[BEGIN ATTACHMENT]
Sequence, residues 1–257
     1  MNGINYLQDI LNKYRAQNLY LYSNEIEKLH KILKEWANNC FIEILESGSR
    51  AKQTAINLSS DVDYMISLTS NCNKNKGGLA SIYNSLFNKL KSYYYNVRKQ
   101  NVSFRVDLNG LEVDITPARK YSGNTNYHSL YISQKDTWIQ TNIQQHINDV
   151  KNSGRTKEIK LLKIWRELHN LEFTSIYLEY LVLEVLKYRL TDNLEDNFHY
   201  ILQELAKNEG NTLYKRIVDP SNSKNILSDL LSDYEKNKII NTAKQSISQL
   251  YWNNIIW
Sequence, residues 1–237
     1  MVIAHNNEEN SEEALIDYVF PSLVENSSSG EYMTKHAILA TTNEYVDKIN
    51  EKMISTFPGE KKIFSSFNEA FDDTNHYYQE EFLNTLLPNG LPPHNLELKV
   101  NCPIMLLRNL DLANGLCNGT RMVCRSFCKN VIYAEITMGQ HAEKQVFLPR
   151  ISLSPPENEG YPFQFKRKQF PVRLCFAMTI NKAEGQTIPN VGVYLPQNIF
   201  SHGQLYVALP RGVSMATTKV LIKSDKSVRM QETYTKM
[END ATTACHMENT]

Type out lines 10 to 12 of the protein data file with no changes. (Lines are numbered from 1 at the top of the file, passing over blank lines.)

    51  EKMISTFPGE KKIFSSFNEA FDDTNHYYQE EFLNTLLPNG LPPHNLELKV
   101  NCPIMLLRNL DLANGLCNGT RMVCRSFCKN VIYAEITMGQ HAEKQVFLPR
   151  ISLSPPENEG YPFQFKRKQF PVRLCFAMTI NKAEGQTIPN VGVYLPQNIF